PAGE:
Some related approaches in the literature are Pareto-based ranking schemes utilized in multi-objective optimization [1,2], and techniques established in global search heuristic optimization methods such as genetic algorithms [3-5] and particle swarm optimization [

Many functions of interest, such as black-box computer simulator functions, often have several optima. In this section we develop an algorithm that explores the input space to find all significant optimum candidates in order

to select those most suitable. Our approach was inspired by several articles on optimization [10-]">]">12]. A critical underlying idea is that of expected improvement [

We use a hybrid optimization approach, similar to [

Our algorithm proceeds as follows: The objective function is modeled by the emulator within the designated input space. This surface can be thought of as a two dimensional surface with “hills”, “valleys”, and “plains”. Our concern is with the “valleys” since they encompass the minimum points. Although the emulator surface differs from the true function to some degree, it is expected to have increasingly close correspondence as we obtain more function evaluations. Starting from a promising minimum point on the emulator surface, pattern search is provably convergent to a local minimum of the objective function. Once a minimum has been found, the search region for other minima is restricted to avoid re-targeting the known minimum. This region is defined initially by a boundary at distance

A user must decide to what level, relative to the global minimum and the mean value, the search is to be extended. Let the global minimum be

For each stage of the algorithm, the emulator (our treed Gaussian process) uses the current training point set to predict a large random sample at new input points. The first minimum is found by using the minimum value obtained from the emulator model to initiate a run of a local direct optimization routine (pattern search). As the algorithm proceeds, the new function evaluations are added to the training point set. At the first stage, we use the one minimum value as the initial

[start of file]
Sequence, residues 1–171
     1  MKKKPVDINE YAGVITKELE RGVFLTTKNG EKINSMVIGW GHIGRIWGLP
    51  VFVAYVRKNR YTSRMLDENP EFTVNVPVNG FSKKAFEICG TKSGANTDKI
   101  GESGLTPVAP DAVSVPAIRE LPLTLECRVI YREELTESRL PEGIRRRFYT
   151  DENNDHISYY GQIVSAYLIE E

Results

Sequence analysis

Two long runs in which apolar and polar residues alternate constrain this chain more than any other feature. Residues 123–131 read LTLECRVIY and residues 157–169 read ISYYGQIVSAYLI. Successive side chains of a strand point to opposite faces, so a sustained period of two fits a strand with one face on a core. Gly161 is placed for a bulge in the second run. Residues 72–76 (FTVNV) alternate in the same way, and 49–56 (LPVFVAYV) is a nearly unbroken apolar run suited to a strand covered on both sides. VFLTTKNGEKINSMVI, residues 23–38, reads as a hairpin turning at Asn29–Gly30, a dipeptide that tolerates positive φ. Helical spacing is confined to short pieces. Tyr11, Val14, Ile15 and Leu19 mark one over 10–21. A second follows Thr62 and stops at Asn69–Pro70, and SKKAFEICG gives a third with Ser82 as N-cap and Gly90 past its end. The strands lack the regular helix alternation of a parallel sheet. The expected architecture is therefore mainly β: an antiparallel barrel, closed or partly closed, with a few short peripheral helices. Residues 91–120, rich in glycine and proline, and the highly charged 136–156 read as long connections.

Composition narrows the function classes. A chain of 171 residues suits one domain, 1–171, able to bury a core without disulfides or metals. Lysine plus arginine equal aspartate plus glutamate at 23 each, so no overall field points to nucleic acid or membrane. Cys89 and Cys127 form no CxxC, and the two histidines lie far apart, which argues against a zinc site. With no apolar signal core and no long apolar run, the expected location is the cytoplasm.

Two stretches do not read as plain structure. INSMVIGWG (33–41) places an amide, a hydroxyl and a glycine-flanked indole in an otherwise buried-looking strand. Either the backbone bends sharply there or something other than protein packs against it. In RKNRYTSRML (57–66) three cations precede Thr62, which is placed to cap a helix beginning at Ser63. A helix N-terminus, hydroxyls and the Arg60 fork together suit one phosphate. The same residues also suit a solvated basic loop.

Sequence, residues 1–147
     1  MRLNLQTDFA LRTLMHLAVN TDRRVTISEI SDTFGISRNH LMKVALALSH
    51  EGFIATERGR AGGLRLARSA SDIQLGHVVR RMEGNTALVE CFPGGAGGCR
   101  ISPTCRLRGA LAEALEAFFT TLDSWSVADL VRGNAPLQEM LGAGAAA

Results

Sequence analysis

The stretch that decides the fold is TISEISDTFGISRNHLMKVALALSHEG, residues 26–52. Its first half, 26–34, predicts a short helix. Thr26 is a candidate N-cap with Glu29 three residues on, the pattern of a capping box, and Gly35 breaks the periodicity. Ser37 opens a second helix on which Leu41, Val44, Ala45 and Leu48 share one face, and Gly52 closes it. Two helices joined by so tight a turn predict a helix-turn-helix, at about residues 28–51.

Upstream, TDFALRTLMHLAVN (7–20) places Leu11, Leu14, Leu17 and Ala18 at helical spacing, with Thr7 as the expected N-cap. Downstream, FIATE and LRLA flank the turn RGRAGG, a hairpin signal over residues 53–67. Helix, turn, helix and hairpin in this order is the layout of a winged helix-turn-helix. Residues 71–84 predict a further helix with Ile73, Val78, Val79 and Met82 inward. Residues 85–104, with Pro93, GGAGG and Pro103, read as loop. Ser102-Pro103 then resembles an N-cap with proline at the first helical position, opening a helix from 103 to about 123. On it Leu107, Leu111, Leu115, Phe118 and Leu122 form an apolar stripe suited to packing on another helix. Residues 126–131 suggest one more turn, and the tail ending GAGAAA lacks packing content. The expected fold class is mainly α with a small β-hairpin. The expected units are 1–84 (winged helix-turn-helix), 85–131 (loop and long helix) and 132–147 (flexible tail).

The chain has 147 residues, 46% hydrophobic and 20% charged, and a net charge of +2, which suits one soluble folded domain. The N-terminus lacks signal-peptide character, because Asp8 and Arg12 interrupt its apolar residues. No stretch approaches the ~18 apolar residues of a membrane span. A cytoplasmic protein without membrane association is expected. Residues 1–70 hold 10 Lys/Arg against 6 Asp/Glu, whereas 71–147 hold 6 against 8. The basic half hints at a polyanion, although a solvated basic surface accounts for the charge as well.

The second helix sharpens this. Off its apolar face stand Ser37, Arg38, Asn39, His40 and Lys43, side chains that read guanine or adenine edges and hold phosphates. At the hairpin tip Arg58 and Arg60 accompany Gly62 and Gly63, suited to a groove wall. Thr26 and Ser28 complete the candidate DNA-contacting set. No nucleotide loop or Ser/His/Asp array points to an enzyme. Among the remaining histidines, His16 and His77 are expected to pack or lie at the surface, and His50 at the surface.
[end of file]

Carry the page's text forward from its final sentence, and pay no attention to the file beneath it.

We determine

For the first case,

The lowest predicted value from candidate points in the interval

In

Two situations where

Now consider the schematic on the right. The point with value

points between

For the case

This predicted point is then used for the next search point. The adjustment of

Here two minima are close together. The current known minimum is marked with a blue “X”. The red dashed outer circle is the initial search region boundary. It is uncertain whether starting from the initial

For this algorithm to work, the predicted point values must be reasonable approximations to the simulator surface. If this is not the case, some minima within the upper level specified by the ratio

apart, the step size should be relatively large. This is best for finding the dominant minima, since the tendency is then for pattern search to “step over” minima with smaller values and zones of attraction (the region where a hypothetical marble, if dropped, would roll toward the minimum). As the distance of search points to current minima decreases, the step size is decreased accordingly. A larger step size could find a previously found dominant minimum. The step size is chosen as a fraction